A body believed to be of one of the British hostages killed in Iraq has been handed over to the UK embassy in Baghdad by the captors.
It is said to be either Alan McMenemy or Alec MacLachlan who, it is feared, were among four of the five captives taken in July 2007 to be murdered. According to defence and diplomatic sources the state of the body shows the victim has been dead for a while and may have been interred. Forensic tests will be needed to establish the body's identity.
There is no reason to suppose, the sources say, that the last of the five Britons taken by the gunmen, IT consultant Peter Moore, is not alive.
The bodies of two men who were shot dead, fellow security guards Jason Swindlehurst and Jason Creswell, have already been returned to the UK.
A Downing Street spokesman said Gordon Brown was "deeply saddened" by the news. He said the Prime Minister would "leave no stone unturned in the Government's efforts to secure the release of the remaining hostages".
The Foreign Secretary, David Miliband, said it was not possible to "definitively confirm" the identity of the victim. But he added: "My thoughts and those of all of my colleagues in Government are, of course, with the families of the British men kidnapped in Iraq."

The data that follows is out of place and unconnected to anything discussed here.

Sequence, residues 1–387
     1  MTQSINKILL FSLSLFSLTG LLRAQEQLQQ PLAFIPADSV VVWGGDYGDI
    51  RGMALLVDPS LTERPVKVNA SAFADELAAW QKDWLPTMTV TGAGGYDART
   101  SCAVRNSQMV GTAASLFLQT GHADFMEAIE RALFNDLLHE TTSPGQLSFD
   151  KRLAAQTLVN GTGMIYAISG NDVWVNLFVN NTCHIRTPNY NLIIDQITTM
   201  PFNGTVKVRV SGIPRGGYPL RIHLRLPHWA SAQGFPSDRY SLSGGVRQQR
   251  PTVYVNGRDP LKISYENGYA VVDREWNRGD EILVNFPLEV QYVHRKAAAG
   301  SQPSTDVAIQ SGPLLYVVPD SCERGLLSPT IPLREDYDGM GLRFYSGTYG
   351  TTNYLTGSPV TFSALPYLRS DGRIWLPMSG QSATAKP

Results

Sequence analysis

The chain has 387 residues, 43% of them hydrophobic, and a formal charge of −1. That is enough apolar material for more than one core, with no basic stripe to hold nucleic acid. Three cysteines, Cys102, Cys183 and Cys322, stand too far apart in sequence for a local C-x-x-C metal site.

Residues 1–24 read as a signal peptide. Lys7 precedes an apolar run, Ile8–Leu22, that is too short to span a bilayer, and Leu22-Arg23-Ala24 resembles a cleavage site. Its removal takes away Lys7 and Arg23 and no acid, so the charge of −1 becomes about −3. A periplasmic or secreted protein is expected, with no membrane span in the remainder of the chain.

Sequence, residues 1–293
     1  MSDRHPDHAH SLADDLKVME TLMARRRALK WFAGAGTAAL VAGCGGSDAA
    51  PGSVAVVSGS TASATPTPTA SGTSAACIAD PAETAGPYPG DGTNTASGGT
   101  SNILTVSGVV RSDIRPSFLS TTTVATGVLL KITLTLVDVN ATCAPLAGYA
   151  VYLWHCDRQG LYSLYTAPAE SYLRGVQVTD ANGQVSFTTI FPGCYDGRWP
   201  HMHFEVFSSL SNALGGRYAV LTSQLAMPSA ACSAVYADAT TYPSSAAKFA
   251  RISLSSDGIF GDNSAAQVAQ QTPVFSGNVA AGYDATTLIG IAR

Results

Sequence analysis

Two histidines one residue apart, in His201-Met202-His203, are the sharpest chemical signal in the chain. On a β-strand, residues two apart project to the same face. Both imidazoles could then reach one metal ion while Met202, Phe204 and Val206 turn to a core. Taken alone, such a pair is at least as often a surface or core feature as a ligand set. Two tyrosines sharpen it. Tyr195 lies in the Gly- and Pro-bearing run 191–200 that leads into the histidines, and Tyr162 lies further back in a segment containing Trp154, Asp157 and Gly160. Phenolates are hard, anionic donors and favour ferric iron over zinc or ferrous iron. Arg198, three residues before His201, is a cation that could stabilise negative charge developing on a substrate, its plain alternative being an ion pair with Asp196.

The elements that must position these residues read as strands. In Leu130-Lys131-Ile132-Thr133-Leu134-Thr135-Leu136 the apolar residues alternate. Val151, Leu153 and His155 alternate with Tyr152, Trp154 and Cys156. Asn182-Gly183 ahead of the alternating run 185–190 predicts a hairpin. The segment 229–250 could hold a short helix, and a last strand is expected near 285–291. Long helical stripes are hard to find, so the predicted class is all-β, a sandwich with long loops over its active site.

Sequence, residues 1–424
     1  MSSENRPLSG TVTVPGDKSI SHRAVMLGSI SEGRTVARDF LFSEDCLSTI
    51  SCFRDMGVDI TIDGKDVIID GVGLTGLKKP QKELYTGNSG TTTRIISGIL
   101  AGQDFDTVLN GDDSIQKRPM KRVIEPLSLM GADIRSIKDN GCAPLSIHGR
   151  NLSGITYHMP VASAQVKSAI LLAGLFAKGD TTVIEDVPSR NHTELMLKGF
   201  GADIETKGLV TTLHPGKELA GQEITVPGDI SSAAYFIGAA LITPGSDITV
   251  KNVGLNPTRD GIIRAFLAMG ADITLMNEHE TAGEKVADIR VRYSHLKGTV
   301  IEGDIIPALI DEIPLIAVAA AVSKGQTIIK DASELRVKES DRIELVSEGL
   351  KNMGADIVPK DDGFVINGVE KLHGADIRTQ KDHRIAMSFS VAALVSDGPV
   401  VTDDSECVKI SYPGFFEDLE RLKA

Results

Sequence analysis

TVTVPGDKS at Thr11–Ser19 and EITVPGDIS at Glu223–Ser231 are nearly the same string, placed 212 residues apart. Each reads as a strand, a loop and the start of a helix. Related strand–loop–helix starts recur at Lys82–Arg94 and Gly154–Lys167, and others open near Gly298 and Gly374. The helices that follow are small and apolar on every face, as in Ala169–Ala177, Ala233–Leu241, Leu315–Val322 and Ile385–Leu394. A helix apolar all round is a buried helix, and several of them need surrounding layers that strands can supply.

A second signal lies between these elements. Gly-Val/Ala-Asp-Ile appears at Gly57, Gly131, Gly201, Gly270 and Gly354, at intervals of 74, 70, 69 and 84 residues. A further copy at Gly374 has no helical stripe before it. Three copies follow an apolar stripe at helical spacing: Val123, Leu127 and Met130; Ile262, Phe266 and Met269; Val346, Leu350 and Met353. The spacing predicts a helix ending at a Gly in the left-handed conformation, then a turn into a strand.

Peter Moore's father, Graeme, said last night: "This is another sad episode in this very sad situation and unfortunately it reminds us that the Government's policy on this matter has failed. I am very, very sorry for the family of this poor man and cling to the reassurance that it is not Peter. We also cling to hope that it is not Peter.
"Nothing will bring back these boys, but when all this is over, and Peter is back home safe, I hope a proper inquiry is held into what went on."
According to one source, Mr Moore had been separated from his fellow hostages several months ago and, at one stage, was being held outside Baghdad.
Mr Swindlehurst, from Skelmersdale, Lancashire, and Mr Creswell, 39, originally from Glasgow, suffered multiple gunshot wounds. Forensic examinations found no signs they had been ill or were being starved.
The kidnappers, who belong to a group calling itself Asaib al-Haq, or the Band of the Righteous, are believed to have indicated in mid-July that they were prepared to hand over two more bodies. The British government has a declared official policy of not negotiating with kidnappers.Reuse content